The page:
Nausori Town is a town that is steeped in history and its importance is underlined in the fact that it was situated near the seat of power in the old Fiji which was ruled by warring clans and cannibals. Just a few miles on the east side, outside the town boundary, is the island of Bau, the seat of power in Fiji ruled by Ratu Seru Cakobau who also formally ceded Fiji to Britain in 1874. A stone's throw away from Nausori is Rewa, the seat of the Burebasaga Confederacy and across the Rewa River, is Naitasiri Province and one of its chiefs, the Qaranivalu.
When Fiji became a colony in the late 1800s, Nausori was again, near the seat of power of the colony, first Levuka on Ovalau and later Suva. But its roots were definitely Australian.
The town had the honour of becoming the first sugar mill to be wholly owned by the Colonial Sugar Refinery (CSR), an Australian sugar milling company which developed Fiji's sugar industry to what we know as it is today.
Nausori Town special administrator Napolioni Masirewa shared his piece of history about Nausori, "It was agreed to in 1881 when the colonial
government was looking for land to grow its cane crop. There were various smaller mills in Suva,
Navua but the first big one was in Nausori. The landowners the Vunivivi people ceded their land to the government through the Roko Tui Tailevu Epeli Nailatikau on the hills at Manoca in September 1881. The sugar mill was then constructed in what is now the downtown".
The current lay-out of Nausori Town was how the CSR had laid it out more than a 100 years ago. Some buildings from the CSR era remain intact to this day.
Indentured labourers from India who were initially brought in to work the tea, coffee, copra and cotton plantations in 1879 were hired to work the sugarcane farms in and around the Nausori area.
The Nausori sugar mill was first opened in 1882 and developed the surrounding river valleys into sugar plantations.
Cane was grown in substantial parts of the Rewa Delta from Nausori through Lakena and Vuci Rd right down to Korociriciri, Vusuya, Kuku, Naila, Visama, Wainibokasi, Naselai and Natogadravu and even in Toga. Cane was also planted in Viria district and other parts of Naitasiri.
Regardless the sugar industry in Nausori continued and even with the moody weather associated with the eastern side of Viti Levu, farms owned by Australian, New Zealand and British expatriates continued to flourish. Nausori had a railway system and roads were also built to cater for the sugar industry as the CSR expanded. Sugarcane farms inaccessible by roads or rail carted their crop to the mill on CSR barges and boats. More indentured labourers poured in from India as the sugarcane plantations grew with Nasilai Village and Nukulau Island opposite the mouth of the Rewa River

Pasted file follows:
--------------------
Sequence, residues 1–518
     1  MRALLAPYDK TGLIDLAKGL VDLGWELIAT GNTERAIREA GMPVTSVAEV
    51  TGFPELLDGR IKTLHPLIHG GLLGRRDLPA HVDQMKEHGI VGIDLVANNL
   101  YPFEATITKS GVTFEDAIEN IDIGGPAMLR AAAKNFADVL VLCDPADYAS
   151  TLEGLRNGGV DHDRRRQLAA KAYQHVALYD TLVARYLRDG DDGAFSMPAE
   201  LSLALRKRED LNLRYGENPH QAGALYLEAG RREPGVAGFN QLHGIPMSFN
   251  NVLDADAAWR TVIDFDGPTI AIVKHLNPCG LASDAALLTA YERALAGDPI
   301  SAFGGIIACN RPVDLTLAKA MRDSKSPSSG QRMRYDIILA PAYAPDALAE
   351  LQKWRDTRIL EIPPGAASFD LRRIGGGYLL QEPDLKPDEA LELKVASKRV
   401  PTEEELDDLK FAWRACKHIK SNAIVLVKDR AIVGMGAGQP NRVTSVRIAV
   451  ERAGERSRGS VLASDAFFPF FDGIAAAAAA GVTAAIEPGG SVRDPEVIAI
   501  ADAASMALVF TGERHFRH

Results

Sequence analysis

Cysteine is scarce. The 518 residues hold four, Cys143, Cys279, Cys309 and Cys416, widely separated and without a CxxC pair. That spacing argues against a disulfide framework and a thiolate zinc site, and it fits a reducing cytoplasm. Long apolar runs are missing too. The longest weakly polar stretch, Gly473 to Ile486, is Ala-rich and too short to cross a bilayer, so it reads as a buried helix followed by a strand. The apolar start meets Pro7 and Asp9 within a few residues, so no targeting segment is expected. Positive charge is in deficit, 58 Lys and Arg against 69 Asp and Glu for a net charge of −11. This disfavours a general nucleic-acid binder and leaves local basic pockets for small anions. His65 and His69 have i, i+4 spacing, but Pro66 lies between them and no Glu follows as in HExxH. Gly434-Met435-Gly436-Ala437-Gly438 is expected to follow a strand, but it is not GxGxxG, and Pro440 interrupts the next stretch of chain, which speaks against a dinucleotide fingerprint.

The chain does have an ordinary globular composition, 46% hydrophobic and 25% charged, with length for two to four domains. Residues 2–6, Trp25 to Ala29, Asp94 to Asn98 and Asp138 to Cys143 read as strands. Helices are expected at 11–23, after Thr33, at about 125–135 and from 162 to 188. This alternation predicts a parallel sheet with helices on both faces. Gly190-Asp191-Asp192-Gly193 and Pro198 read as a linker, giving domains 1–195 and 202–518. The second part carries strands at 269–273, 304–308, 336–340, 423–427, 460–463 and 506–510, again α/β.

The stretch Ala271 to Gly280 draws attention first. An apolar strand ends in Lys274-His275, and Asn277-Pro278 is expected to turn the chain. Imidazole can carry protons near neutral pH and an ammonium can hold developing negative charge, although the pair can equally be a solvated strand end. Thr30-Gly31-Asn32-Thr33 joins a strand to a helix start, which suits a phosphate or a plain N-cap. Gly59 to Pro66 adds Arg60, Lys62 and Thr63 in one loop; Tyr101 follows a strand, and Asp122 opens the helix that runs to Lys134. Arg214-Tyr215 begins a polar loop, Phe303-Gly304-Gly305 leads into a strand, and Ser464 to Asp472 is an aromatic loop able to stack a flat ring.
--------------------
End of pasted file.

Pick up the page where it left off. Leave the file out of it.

becoming important staging points for processing the indentured labourers at they were disembarked from their ships.
Just before the turn of the century a disaster struck which is forever inked into the history of Nausori Town. In 1884 the ship Syria carrying indentured labourers ran aground on Nasilai Reef and 56 people perished that day out of the 497 passengers.
A monument which was constructed in 1979 stands as a testimony to one of Fiji's worst maritime disaster at the town end of the old Nausori Bridge.
At the turn of the century, the sugar industry was the economic backbone for the colony CSR had expanded to other parts of Fiji but the indentured labour system was put to a stop by Great Britain in 1916.
While this meant a major shortage of labourers available and which gave the opportunity to the labourers to return to their homeland but a majority chose to stay on. The CSR swapped its plantation system for the small farm system which finally worked. Indians and their families were encouraged to lease sugarcane farms.
Nausori as a town was still in its infancy but the CSR built many structures to be used for socialising. They even built a golf course but that was only done way after Nausori was declared a town in 1931.
As was the policy back in those days, Fiji was a highly stratified society where Europeans, part Europeans, Fijians and Indians had little or no contact altogether unless it is during working hours.
As noted by the late Philip Snow in his book The Years of Hope, European CSR workers usually reside on the top of Nausori Hill with part Europeans at the lower end of the hill and next in line were the Indian managers.
Snow's description of the sugar mill in Nausori was largely limited to his sense of smell where he described it as, "The sweet smelling of burning emanating from the lofty chimney of the mill where centrifugal spinning machines separated the syrup from the crystals and waste, molasses out of which rum was made, pervaded the atmosphere: it lent an enchantment to the still, intimate nights".